By Michael Krisa

Michael Krisa shares an important rule for establishing that most important of agent-client relationship fundamentals –  trust. Do you feel as if clients see your job as a real estate agent as a true professional position? If not, watch this.



Michael Krisa has a unique style that demystifies video marketing and helps brokers and agents alike implement this powerful strategy into their marketing mix, using nothing more than their mobile devices. Michael received his real estate license in 1989 and is a licensed real estate broker, a syndicated columnist and a freelance internet marketing consultant. As a sought-after speaker and trainer, he is best known for helping to utilize video and video marketing in a way that actually works to make Realtors money! With over 400 interviews to his credit, Michael has become recognized as “That Interview Guy”. Send him an email.

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  • Brian Martindale

    This is an excellent presentation regarding the common sense approach to proactively prepare one’s prospects/customers to become one’s clients, and thereafter to again prepare one’s clients to plan for success, but in addition to help them to be ready to adapt to any negative happenstances that might occur along the transaction trail. By being psychologically prepared for an almost inevitable unforeseen negative event occurring, one will be better able to rationally deal with negative circumstances when they present from out of the blue. We can’t control external forces, but we can control our individual responses to unforeseen circumstances that go against our preconceived ideas regarding what should happen vs what might happen. The only problem with this advice is that few Realtors are confident enough (read professional enough) to take the chance of revealing all of the negative possibilities that might occur to their prospects/customers/clients. They are afraid that such information overload might drive their prospects/customers/clients away and into the arms of non professionals who will tell their former prospects/customers/clients whatever they want to hear in order to make them feel better and stick with ‘them’. Creating a professional Realtor population continues to be an uphill battle.

    • Carolyne in Canada

      Brian, this is one of the reasons as part of my listing presentation, I used the proactive prepatory stance of providing my would-be sellers with a blank offer, reviewed it with them, showing likely clauses that might be inserted by a would-be buyer in an APS contract. I sometimes blacked out the names and subject property address, and showed an actual accepted offer, showing signbacks, initials in circles, etc. explaining the “process” (careful to mind your manners, your fiduciary duty, and operate within the structure of the Privacy Act). I left a blank copy with the would-be sellers to review, in preparation for when they would engage in accepting or rejecting an APS contract, and told them to use a yellow magic marker I provided to highlight any part of the APS contract that might present specific queries for them.

      I explained the likelihood of any pitfalls, and noted that they might want to pre-review the sample contract with their own lawyer, ahead of schedule, ahead of accepting and signing such. It might have had many changes since they last were involved with such a contract. We go through this process regularly, but the client, whether a buyer or seller might only go through the process once every several years.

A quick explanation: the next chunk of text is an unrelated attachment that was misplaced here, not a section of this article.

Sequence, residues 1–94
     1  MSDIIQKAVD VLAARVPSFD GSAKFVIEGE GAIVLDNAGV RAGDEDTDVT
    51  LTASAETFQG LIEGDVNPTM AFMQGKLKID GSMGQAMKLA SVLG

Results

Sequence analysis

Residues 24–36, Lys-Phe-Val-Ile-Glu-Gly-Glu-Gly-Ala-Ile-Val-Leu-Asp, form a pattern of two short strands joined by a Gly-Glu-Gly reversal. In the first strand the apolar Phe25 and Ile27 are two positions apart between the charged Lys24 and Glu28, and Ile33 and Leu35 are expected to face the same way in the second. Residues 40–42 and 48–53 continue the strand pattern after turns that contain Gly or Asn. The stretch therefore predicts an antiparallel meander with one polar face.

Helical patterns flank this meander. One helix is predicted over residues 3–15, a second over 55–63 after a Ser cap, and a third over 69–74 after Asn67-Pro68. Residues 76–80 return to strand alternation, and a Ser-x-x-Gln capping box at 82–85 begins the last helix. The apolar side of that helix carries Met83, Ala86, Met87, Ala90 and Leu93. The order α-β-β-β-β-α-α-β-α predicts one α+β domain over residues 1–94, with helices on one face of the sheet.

There’s a boatload of fine print involved in the preprinted APS that typically would need explaining, even sometimes not easily understood by the professional agent at the table. (I often reject the use of the term identifier “registrant” as the REM readership does not totally revolve around the province of Ontario, and many readers are unfamiliar with that moniker.)

      I also pre-prepared my would-be buyers using the same process. Sometimes when I review these historical types of situations, I realize that door-knocking and telephone canvassing not only didn’t appeal to me, I really didn’t have time, and fortunately for some unknown reason, my phone kept ringing.

      But “my” process certainly, unquestionably worked for me. No way to know if it would work for others. But the fact of the matter is, the public “can” easily be scared off. It’s not just about reviewing paperwork with the public, but being prepared to answer any questions; and there’s always the ability to say: “I don’t know, but I’ll find out,” or “that’s a question for your lawyer,” if some really unusual question should pop up, unexpectedly. And it’s always a truism: An ounce of prevention is worth a pound of cure. Never ever rush. A quick trip to nowhere could be an expensive way to consummate an APS.

      Yes. It certainly does take extra time. For me, writing about various processes in my consumer education articles helped after 1998 when the Net became popular for the public to search out with whom they preferred to do business. At their leisure they could read to their heart’s content, and pre-prepare any questions they might have, further to address any particular topic.

      This as an aside: The url link brings up a centre spread newspaper promo that includes copies of consumer education material. When the newspaper presses were running at what sometimes seems break neck speed, the pressman was reading my material. The sales rep happened to be nearby and he asked her: “How does she know all this stuff?” Her reply, she shared with me: “Call her to find out when you are ready to buy or to sell. She’s been around forever.” http://www.carolyne.com/history.html

      Carolyne L 🍁